Archaeology 101: Shovel Test Pit Survey

Chris digs an STP.

Whenever Campus Archaeology is alerted of a construction project on campus,  we typically conduct what is called an archaeological survey to determine if there are any potential archaeological sites in the area. This is important because it gives us the opportunity to quickly examine a large area, and then do more detailed archaeological excavations if we are able to determine that possible sites exist. There are a number of different types of survey that are used, each depending on what equipment is available and what the type of environment being surveyed. We are using two survey techniques while we search for the location of the Weather Bureau: Geophysical Survey and Shovel Test Pit Survey. This post will discuss the latter.

Shovel Test Pits, or STPs, are a way for archaeologists to cover a large area quickly. STPs are minimally invasive, meaning that they do not disturb a lot of ground, yet provide enough data for us to determine how viable an area is for further archaeological testing. The STP is a shovel-by-shovel width hole dug straight into the ground. The dirt is sifted, and artifacts are collected and their type and quantity is recorded on a map. We then examine the map for areas where their are significant artifact clusters, and identify those areas as potential archaeological sites that need to be further examined.

Let’s use our survey at the Weather Bureau as an example. Our first step was to establish a grid and pace off the location of where the STPs would go. Because we are in a small area, and were hoping to identify a building location, we decided to put STPs every 5 meters. In larger areas, these STPs would have been spaced at 10 or 15 meters. After this was settled, the STPs were excavated, artifact counts were recorded, and plotted on the map. STPs with significant concentrations are referred to as “positive” while ones with no or few artifacts are “negative”.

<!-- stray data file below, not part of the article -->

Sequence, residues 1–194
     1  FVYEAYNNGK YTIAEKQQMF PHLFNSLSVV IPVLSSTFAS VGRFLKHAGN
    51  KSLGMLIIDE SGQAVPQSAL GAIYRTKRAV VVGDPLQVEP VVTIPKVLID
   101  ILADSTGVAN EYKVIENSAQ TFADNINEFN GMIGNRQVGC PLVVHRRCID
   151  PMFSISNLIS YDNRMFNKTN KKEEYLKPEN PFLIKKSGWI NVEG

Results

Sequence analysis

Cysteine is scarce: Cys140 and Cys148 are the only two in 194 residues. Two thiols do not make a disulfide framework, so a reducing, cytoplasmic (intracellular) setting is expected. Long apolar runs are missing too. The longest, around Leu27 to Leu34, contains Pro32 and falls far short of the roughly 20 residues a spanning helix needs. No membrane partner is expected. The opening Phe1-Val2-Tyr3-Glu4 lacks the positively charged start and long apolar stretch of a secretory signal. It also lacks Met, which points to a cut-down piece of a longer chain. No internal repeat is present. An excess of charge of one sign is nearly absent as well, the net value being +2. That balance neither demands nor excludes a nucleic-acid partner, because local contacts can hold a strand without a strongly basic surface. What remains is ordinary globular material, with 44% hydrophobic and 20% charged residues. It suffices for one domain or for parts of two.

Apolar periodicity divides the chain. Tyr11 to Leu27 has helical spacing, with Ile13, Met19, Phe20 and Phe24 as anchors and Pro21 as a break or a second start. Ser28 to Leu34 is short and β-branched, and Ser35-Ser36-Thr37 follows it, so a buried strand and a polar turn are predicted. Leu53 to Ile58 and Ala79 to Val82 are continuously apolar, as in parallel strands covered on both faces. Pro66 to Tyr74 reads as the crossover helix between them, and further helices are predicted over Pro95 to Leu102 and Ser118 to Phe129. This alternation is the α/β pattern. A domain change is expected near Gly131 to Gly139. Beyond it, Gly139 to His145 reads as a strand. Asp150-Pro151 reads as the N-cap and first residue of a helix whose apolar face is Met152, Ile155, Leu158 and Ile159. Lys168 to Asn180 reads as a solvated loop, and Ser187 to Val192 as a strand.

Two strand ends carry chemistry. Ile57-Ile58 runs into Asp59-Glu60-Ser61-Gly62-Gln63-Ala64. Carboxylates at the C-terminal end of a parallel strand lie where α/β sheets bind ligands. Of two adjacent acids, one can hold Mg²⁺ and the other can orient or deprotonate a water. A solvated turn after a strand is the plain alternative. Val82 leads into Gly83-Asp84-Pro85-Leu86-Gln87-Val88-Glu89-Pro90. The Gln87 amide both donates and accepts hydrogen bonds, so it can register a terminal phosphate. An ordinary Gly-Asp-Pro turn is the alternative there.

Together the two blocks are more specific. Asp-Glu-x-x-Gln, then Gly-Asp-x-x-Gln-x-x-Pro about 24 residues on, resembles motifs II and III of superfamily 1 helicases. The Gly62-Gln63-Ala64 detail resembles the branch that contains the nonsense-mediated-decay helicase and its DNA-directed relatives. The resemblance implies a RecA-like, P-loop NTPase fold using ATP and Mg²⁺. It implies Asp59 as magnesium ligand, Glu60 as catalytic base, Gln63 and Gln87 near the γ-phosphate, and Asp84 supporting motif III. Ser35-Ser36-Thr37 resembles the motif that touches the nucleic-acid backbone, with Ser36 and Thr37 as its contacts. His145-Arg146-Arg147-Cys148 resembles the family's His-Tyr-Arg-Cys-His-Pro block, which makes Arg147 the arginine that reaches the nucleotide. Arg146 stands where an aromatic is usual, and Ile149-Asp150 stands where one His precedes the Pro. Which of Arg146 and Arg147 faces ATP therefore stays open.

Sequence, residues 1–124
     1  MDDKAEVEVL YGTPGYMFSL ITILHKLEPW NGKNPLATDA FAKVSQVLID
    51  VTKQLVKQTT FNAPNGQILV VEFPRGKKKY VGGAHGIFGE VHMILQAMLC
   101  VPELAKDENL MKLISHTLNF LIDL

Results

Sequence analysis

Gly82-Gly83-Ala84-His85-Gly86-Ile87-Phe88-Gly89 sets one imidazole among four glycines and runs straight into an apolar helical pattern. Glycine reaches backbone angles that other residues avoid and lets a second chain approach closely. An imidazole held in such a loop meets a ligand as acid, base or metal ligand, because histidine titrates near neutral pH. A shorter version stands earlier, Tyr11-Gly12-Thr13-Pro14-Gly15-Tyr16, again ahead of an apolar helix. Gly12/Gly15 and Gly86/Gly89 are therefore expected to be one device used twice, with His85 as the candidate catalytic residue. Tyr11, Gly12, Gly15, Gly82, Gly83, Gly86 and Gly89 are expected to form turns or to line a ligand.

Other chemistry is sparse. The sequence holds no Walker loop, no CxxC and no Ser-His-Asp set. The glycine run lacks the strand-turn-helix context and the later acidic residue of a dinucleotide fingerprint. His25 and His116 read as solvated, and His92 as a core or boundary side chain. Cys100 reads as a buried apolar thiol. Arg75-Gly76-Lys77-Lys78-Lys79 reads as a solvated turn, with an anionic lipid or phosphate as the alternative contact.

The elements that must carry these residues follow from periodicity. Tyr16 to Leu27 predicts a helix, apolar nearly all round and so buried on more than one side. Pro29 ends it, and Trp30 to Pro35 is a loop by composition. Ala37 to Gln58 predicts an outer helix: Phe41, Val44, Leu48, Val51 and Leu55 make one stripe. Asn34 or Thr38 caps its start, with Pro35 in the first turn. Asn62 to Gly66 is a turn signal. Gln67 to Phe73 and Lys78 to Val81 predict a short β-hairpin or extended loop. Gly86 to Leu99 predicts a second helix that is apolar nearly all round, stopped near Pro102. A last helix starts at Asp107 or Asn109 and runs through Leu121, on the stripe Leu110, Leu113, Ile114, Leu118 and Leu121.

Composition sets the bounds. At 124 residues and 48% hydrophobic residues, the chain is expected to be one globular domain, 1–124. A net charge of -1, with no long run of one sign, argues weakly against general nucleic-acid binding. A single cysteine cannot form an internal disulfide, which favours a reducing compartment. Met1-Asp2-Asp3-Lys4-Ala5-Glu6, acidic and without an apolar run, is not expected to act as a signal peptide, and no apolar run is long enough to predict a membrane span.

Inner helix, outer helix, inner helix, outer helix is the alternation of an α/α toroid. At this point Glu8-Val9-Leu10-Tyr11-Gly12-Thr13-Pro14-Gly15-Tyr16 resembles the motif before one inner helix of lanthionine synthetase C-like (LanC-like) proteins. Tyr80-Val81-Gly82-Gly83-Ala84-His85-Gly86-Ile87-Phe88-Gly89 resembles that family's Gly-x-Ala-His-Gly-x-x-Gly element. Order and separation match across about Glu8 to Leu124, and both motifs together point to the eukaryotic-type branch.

When we were finished, definite clusters of positive STPs began to emerge on the map near the north west corner. At this point, it is customary to excavate “radials”. These are additional STPs that are dug to the north, south, east, and west of each positive STPs, giving us a more refined picture of how these clusters are delineated. If a positive STP is surrounded by negative radials, than it is typically assumed there is no site there. In this case, these radials ended up being positive, indicating that there was significant human activity occurring in this space. Because these items were primarily bricks and nails, it is assumed that this was most likely the location of a building, probably the Weather Bureau.

The next step would be to do further testing to determine how much of the building is still intact. It is quite possible that this was just brick rubble and fill from the building’s demolition, not intact features or foundations. Without STP survey, however, we would not have been able to identify where to begin these excavations, making this a critical piece of archaeological methodology to understand.



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